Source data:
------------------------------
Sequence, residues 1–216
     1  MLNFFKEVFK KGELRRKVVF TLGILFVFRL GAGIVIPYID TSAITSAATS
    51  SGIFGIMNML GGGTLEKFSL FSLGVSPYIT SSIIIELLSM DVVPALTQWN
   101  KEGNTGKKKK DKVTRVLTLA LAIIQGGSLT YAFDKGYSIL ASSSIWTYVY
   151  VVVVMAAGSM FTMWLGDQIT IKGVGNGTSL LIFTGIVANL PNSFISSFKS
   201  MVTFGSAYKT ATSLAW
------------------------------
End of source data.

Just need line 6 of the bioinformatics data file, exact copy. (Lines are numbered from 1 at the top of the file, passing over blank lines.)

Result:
   201  MVTFGSAYKT ATSLAW